The noteworthy signings keep on coming on this Saturday morning. MLB Network’s Jon Heyman reports that the Royals and Ian Kennedy have reached agreement on a five-year, $70 million contract. FOX Sports’ Ken Rosenthal hears that the deal includes an opt-out after two years.
Coming off a 4.28 ERA with 31 homers allowed in 168 1/3 innings in 2015, Kennedy received a one-year, $15.8 million qualifying offer from the Padres in November. Many were surprised that the 31-year-old didn’t take the qualifying offer, as it was assumed that it would severely impact his market. For most of the winter, it seemingly did, but Scott Boras ended up landing a pretty nice deal for his client here. It’s just a shade under what Mike Leake and Wei-Yin Chen (five years, $80 million) received.
The Royals, who have been linked to Kennedy for the past couple of weeks, will surrender their first-round pick in order to sign him. He’ll be reunited with his former pitching coach Dave Eiland and join a rotation which includes names like Edinson Volquez, Yordano Ventura, Kris Medlen, Danny Duffy, and Chris Young.
While it hasn’t shown in his ERA, Kennedy has struck out 24.4 percent of the batters he has faced over the past two seasons. Pitching in the National League has surely helped, so we’ll likely see that number go down with the Royals, but only 18 starting pitchers (min. 250 IP) have a higher strikeout percentage in that timespan. Kennedy has also been durable, making at least 30 starts in each of the last six seasons. Still, this is a heck of a job by Boras after Kennedy’s market has been quiet all winter.
UPDATE: Buster Olney of ESPN reports that the deal includes $42 million in interest-free deferred payments. Davis will make $17 million per season from 2016-2022. He’ll then receive annual payments of $3.5 million from 2023-2032 and $1.4 million from 2033-2037.
Per FOX Sports’ Ken Rosenthal, the present-day value of the contract is expected to come in under $150 million.
12:05 p.m. ET: FOX Sports’ Ken Rosenthal reports that the deal may only include a partial no-trade clause. It is also expected to include deferred money, which would take away from the present-day value of the contract.
8:09 a.m. ET: Big news this Saturday morning, as MLB Network’s Jon Heyman reports that the Orioles and Chris Davis have reached agreement on a new contract. Heyman adds that the deal is worth $161 million over seven years. It easily surpasses Adam Jones‘ $85.5 million extension as the richest contract in franchise history.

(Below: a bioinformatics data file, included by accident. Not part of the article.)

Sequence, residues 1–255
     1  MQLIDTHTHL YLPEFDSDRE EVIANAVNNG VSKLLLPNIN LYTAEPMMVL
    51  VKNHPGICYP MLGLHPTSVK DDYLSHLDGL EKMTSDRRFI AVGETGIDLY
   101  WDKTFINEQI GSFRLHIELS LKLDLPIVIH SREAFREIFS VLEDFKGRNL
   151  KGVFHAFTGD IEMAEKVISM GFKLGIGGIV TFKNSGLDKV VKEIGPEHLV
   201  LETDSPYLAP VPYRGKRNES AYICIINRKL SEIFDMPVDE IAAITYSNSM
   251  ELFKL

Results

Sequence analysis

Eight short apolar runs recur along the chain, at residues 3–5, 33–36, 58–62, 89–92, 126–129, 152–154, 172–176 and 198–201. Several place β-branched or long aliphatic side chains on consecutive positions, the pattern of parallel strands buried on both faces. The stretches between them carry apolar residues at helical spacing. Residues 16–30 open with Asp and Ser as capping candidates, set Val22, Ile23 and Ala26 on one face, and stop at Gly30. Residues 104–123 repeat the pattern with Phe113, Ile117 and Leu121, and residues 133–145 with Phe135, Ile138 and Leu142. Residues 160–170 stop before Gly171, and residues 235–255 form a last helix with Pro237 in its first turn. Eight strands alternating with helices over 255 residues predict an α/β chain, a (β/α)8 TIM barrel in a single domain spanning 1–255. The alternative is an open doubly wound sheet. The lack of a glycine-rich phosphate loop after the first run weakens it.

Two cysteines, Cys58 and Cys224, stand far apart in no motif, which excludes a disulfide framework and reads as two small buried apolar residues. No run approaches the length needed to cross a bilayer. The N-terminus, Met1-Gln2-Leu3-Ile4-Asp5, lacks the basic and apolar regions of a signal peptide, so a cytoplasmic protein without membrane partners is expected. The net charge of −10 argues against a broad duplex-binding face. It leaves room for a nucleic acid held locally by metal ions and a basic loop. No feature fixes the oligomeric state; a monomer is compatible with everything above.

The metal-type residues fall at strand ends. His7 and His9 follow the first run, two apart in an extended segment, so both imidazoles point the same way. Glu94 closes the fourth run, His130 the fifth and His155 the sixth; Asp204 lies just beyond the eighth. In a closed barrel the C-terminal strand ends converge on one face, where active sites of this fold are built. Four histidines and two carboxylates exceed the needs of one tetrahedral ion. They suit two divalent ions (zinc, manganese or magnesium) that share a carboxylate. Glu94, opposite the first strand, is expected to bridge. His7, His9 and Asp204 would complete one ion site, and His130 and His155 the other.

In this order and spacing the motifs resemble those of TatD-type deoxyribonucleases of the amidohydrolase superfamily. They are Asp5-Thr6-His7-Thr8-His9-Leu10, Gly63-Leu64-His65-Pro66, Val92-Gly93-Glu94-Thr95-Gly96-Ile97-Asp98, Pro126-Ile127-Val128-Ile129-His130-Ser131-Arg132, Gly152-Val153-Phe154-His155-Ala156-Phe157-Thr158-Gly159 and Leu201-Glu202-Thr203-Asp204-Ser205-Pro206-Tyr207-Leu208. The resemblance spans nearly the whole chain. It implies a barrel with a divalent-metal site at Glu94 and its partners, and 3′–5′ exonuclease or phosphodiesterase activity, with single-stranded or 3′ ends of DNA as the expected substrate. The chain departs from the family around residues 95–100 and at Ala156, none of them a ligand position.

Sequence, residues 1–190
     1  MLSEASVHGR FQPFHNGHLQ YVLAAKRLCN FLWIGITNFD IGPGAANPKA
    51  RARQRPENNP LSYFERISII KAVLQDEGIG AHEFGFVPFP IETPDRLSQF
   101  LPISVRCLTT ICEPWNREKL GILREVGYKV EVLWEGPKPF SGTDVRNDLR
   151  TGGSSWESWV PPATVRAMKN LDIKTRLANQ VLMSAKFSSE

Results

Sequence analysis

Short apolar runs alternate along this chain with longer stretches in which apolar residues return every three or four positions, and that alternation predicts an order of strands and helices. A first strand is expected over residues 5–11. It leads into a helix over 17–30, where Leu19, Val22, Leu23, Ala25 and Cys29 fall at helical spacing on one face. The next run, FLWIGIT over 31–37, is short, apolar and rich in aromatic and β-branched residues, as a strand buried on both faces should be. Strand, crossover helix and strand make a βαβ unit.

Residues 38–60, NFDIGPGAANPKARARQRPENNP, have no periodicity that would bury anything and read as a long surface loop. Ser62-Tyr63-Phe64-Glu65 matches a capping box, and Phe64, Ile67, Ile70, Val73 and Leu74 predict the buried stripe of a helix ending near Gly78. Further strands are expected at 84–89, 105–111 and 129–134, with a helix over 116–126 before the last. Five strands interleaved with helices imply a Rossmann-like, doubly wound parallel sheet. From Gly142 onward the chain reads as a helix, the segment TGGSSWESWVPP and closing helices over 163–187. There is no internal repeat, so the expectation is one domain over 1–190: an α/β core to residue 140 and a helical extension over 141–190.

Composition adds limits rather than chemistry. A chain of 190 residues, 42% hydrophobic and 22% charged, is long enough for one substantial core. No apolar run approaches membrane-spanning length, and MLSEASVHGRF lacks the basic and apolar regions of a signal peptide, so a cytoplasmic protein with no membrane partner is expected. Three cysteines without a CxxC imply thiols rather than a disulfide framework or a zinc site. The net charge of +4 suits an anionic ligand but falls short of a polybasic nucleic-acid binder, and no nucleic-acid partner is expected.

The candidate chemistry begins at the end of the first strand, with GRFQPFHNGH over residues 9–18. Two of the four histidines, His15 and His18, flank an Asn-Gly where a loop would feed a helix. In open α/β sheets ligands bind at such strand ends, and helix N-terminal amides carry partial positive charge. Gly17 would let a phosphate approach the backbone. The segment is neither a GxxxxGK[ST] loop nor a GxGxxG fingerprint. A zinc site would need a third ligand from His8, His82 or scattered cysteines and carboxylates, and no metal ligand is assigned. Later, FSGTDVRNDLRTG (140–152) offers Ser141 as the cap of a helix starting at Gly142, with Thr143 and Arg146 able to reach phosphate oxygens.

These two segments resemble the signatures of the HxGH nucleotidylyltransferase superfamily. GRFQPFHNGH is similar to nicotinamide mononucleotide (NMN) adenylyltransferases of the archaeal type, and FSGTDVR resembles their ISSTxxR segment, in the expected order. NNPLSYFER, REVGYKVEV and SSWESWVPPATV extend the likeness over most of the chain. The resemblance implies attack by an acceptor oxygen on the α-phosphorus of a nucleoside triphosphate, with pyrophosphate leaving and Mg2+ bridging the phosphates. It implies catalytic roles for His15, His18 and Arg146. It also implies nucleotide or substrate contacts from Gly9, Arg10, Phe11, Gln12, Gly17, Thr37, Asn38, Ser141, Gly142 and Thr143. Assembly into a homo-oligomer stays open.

The final number also beats out the Orioles’ previous reported offer, which checked in at seven years and $150 million and included some deferred money. They eventually pulled that offer, but remained open to revisiting a possible deal. With negotiations stalled between the two sides, the Orioles were considering alternatives in recent weeks. The club reportedly made a five-year, $90 million offer to free agent outfielder Yoenis Cespedes this week, which could have forced a resolution with Davis.
After a down 2014 which ended with a 25-game amphetamine suspension, Davis bounced back in big way last season by leading MLB with 47 homers while posting a .262/.361/.562 batting line. The slugger turns 30 in March and the new deal will carry him through his age-37 season. This is a huge price to pay, especially when it’s unclear who the Orioles were bidding against, but owner Peter Angelos made him a priority and he’s considered a fan favorite. In addition to providing balance to Baltimore’s righty-heavy lineup, Davis has thrived at Camden Yards in his career, posting a .927 OPS. Most of these contracts don’t age well, but continuing this partnership makes sense for both sides.
FOX Sports’ Ken Rosenthal reports that Davis’ new deal includes a full no-trade clause and doesn’t have an opt-out.